Sheriff Ben Hammond is finally over the woman who shattered his heart, but when Dinah Horne suddenly returns, can he ignore the passion still burning bright between them?
CITY BOY, COUNTRY HEART by Andrea Downing
Trading horses for subways for two years seemed like a good idea to cowboy Chay Ridgway, but can city girl K.C. Daniels keep a rein on his country heart?
BLUE SAGE by Kristy McCaffrey
Archaeologist Audrey Driggs rolls off a mountain and lands at the feet of rugged cowboy Braden Delaney. Together, they’ll uncover a long-lost secret.
THE DRIFTER’S KISS by Devon McKay
Determined to take back what belongs to her, Addison Reed will do anything. Even trust a complete stranger.
HER MAN by Hildie McQueen
Deputy Mark Hunter falls for Eliza Brock during a murder investigation. Is it fate or bad luck, especially when she may be involved?
BORDER ROMANCE by Hebby Roman
Widow Leticia Villarreal wants to establish a horse-racing stable and old acquaintance John Clay Laidlaw offers to help. But can she trust him with her business and her heart?
PHOENIX HEAT by Patti Sherry-Crews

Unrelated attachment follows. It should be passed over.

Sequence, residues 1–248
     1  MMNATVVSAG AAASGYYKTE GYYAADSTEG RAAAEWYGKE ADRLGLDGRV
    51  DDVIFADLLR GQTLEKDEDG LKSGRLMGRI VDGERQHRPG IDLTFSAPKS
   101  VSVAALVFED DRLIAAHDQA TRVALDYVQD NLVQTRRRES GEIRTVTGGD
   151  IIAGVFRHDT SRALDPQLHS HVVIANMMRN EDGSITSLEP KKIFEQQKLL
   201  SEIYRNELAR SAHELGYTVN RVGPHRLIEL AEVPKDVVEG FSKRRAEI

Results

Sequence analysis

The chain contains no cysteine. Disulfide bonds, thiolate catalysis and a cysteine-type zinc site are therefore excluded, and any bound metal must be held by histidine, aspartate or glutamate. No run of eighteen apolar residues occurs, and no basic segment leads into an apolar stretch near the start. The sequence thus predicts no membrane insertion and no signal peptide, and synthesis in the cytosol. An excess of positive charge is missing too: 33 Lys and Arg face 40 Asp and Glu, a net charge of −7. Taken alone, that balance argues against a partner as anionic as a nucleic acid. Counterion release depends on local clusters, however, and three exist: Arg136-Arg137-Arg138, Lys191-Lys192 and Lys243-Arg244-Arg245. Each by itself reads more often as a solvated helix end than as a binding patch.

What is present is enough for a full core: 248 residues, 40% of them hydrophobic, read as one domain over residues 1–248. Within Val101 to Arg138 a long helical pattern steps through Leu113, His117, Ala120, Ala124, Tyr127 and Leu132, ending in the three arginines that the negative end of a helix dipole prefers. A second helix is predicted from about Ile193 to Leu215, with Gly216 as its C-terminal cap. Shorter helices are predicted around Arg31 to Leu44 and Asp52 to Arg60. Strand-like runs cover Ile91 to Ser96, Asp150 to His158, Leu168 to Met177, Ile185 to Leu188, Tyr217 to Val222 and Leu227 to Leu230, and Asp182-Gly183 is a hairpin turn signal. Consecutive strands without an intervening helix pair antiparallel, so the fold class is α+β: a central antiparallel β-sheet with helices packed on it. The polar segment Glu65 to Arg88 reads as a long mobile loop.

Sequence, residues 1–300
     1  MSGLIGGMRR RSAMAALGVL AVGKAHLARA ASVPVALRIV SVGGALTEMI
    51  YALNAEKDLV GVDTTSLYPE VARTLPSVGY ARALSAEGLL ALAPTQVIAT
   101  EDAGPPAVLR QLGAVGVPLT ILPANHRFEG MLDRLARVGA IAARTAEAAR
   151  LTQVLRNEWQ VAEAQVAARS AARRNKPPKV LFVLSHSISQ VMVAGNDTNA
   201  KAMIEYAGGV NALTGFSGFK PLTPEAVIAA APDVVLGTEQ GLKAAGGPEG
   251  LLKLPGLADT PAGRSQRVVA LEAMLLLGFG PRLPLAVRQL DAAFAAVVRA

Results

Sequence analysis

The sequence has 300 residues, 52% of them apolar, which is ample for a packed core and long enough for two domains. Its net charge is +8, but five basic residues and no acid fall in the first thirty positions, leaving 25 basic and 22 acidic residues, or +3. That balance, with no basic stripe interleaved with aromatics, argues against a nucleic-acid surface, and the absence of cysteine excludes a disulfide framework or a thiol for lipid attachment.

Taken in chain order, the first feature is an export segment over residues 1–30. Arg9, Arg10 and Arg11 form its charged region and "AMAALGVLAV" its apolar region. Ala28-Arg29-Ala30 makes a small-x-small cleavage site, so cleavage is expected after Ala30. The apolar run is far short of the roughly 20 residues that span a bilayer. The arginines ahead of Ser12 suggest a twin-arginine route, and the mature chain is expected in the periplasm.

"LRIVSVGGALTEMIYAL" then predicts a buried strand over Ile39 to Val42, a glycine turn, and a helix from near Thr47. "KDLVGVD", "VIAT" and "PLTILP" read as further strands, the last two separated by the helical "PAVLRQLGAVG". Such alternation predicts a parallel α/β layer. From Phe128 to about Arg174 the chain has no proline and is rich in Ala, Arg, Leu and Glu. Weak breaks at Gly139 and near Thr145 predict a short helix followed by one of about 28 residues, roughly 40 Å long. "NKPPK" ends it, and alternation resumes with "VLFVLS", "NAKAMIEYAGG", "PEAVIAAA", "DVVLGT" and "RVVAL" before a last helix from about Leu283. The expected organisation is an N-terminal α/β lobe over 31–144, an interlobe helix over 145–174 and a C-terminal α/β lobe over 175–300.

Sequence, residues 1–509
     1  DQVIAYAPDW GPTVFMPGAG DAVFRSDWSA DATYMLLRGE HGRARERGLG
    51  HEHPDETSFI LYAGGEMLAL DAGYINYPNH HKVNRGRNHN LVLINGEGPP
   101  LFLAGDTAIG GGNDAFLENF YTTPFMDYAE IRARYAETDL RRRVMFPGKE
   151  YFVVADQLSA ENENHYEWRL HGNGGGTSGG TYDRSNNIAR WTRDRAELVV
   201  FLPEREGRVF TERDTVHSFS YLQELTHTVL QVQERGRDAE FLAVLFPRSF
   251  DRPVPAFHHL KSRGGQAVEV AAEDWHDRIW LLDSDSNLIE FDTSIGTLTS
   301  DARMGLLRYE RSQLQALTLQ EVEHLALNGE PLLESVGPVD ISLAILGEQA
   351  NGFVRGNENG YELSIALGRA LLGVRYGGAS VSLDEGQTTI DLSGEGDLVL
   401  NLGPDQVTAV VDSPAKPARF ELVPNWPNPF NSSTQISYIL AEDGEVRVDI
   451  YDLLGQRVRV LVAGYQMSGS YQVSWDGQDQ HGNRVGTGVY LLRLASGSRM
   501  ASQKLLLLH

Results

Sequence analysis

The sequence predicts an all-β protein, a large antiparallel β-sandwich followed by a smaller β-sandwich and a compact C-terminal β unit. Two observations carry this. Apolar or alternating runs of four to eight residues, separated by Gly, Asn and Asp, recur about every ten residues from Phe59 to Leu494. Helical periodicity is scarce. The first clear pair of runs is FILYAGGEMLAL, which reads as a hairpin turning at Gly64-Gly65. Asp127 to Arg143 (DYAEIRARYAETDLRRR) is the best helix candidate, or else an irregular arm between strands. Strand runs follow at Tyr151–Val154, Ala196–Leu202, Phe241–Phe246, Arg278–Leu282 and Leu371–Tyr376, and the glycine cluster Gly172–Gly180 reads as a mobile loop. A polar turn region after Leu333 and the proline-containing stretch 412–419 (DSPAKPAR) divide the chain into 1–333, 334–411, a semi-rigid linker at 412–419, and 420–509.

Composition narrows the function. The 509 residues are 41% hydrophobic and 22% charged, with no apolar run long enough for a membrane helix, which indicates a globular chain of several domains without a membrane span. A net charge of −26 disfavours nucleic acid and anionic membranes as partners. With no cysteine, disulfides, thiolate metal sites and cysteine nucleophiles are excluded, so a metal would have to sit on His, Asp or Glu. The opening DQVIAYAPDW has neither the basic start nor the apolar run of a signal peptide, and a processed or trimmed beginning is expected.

After losing her fiancé and her New York City business, Harper Donovan returns to Arizona and meets cowboy Frank Flynn. Will his past and their differences extinguish the heat between them?
Thanks, western readers for stopping by and chatting with me today on Petticoats and Pistols. Charro horses are mostly an unknown quantity for most rodeo goers, unless you’re in the Southwestern part of the United States, close to the Mexican border. These are beautiful and very talented horses that I wanted to highlight for readers.
If you leave a comment, you will be included in the drawing for my Giveaway today: a $25 Amazon Gift Card. So, please, fire away with those comments or questions!